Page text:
The Swim and Tonic Bar aboard Icon of the Seas (Rendering: Royal Caribbean)

The largest swimming pool to ever be fitted onto a ship will debut in 2024 aboard Royal Caribbean’s Icon of the Seas, which will have a massive, 40,000-gallon capacity. It will be one of seven swimming pools available for people to cool off and relax in – a far cry from the Adriatic over a century ago.

Cunard’s Britannia of 1840 Carried Live Cows Onboard

Cunard's Britannia of 1840 (Photo: Cunard Line)
Cunard's Britannia of 1840 (Photo: Cunard Line)

You can get milk by the carton or by the glass on every modern-day cruise ship. And, you could get fresh milk in 1840, too, when Cunard’s first ship, Britannia, set sail across the Atlantic. The kicker? That milk came from live cows kept onboard.

Refrigeration was in its infancy, and the first ship capable of carrying refrigerated cargo was still 26 years away. Because of that, Britannia sailed with cows in its hold, a practice adopted by many other ships. Passengers and crew would drink the milk the cows produced and then, on the final day of the voyage, the cows would be slaughtered and eaten. Keep in mind, these voyages took weeks in 1840.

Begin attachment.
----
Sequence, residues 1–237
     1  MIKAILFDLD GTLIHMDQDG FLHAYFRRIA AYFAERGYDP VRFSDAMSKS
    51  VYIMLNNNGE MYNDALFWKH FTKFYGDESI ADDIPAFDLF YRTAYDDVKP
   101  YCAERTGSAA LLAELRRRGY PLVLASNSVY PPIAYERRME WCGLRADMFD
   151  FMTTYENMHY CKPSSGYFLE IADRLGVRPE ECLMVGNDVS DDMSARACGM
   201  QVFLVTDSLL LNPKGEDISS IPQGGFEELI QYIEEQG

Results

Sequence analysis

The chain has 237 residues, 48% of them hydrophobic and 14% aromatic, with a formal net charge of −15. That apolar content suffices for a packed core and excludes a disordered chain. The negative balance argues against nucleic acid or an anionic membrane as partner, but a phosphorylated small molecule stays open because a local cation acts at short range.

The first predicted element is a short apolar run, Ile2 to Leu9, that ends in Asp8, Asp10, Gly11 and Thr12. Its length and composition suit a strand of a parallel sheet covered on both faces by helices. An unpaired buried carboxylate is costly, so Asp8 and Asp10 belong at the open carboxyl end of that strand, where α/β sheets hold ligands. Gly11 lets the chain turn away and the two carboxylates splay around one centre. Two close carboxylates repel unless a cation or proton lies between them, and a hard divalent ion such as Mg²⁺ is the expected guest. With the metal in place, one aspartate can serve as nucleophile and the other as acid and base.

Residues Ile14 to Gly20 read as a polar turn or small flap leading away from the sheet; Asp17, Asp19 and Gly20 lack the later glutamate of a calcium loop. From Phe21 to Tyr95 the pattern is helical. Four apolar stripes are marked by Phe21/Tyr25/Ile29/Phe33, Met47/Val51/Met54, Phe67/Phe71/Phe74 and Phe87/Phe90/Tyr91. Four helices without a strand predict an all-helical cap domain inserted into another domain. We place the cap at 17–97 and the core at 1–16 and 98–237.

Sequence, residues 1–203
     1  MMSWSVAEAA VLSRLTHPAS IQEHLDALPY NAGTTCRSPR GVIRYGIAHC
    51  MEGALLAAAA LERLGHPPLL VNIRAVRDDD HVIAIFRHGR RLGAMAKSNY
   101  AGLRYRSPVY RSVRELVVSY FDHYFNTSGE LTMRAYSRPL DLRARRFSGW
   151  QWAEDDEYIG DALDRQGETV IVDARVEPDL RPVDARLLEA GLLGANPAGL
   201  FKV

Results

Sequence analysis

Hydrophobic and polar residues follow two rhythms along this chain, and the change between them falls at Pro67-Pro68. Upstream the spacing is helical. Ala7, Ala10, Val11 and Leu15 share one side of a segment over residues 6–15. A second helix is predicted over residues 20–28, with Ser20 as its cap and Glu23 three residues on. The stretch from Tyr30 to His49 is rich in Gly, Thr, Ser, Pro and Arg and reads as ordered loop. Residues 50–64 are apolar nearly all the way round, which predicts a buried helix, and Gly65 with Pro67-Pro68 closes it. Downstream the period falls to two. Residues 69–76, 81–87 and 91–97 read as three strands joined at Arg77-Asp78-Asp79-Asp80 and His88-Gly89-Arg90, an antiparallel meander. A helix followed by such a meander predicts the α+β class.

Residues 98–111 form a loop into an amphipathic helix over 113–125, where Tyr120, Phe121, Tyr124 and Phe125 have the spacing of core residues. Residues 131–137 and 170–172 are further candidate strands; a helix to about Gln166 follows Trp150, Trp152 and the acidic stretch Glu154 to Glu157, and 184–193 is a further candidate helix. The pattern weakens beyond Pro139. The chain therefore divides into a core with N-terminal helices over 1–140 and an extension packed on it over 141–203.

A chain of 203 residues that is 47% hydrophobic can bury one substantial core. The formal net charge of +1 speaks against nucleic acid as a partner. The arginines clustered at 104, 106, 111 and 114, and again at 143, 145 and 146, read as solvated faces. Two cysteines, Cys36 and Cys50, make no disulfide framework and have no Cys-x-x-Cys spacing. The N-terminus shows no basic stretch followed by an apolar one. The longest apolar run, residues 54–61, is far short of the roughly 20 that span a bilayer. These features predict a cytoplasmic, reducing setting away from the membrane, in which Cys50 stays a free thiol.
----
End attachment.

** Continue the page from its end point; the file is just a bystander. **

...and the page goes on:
Today, fresh milk and beef – along with an assortment of other products – can be kept aboard modern cruise ships for months thanks to refrigeration technology and provisioning in multiple ports of call. An average cruise ship uses about 1,375 gallons of fresh milk per week.

Millennials Are the Fastest Growing Segment of Repeat Cruisers

Saxsen Norton, an actress and model, Hero Otway, a model and actress, and Geo Vanna Gonzalez, a Miami-based artist, enjoy drinks at Sunset Bar on Celebrity Edge. (Photo: Naima Green/AIPP)